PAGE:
aims and objectives – what’s the difference?

You’re ready, you’re aimed, and now you have to fire off the objectives. But you’re a bit confused. What”s the difference between the two?

An aims-objectives confusion might arise when you are writing thesis proposal and the introductory thesis chapter. It’s always an issue in research bids. The what’s-the-difference question can have you going around in ever smaller unproductive circles if you can’t figure out a way to differentiate between the two things. And the difference is something I’ve recently been asked about, so I’ve decided to post something of an answer.

Dictionaries are only vaguely helpful when thinking about aims and objectives. My desk dictionary says that an aim is to do with giving direction. An aim is “something intended or desired to be obtained by one’s efforts”. On the other hand an objective is to do with achieving an object, it’s about actions, “pertaining to that whose delineation is known”. Now who actually speaks like this? The fact that these definitions are offered in this very formal language doesn’t help clarify matters. But, once past the antiquated expression, you might discern that the difference between the two is somehow related to a hope or ambition (aim) versus a material action (objective). Or we might say – and it is what is commonly said about aims and objectives – the aim is the what of the research, and the objective is the how.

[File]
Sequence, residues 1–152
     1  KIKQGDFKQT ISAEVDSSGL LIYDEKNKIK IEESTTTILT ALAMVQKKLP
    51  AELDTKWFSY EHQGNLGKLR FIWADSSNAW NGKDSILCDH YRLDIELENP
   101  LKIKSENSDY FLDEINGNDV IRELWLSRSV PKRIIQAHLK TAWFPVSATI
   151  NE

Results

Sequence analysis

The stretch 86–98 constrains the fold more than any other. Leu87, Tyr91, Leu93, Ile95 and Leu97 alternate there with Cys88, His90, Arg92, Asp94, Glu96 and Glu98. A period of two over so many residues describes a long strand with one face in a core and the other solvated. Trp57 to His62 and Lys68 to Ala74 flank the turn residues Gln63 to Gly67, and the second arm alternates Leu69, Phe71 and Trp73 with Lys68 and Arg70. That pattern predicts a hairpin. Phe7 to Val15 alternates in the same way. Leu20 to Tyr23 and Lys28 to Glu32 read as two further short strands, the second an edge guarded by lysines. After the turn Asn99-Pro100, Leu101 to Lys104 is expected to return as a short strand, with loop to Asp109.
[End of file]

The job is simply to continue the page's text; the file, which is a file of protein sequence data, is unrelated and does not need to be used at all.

So taking this what-how as a kind of loose and sloppy differentiation between the two, the rough rule of thumb with aims and objectives is generally that:

(1) The aim is about what you hope to do, your overall intention in the project. It signals what and/or where you aspire to be by the end. It’s what you want to know. It is the point of doing the research. An aim is therefore generally broad. It is ambitious, but not beyond possibility.

The convention is that an aim is usually written using an infinitive verb – that is, it’s a to + action. So aims often start something like.. My aim in this project isto map, to develop, to design, to track, to generate, to theorise, to build … Sometimes in the humanities and social sciences we have aims which attempt to acknowledge the inevitable partiality of what we do, so we aim ‘to investigate, to understand, and to explore… ‘ But lots of project reviewers and supervisors prefer to see something less tentative than this – they want something much less ambivalent, something more like to synthesise, to catalogue, to challenge, to critically interrogate ….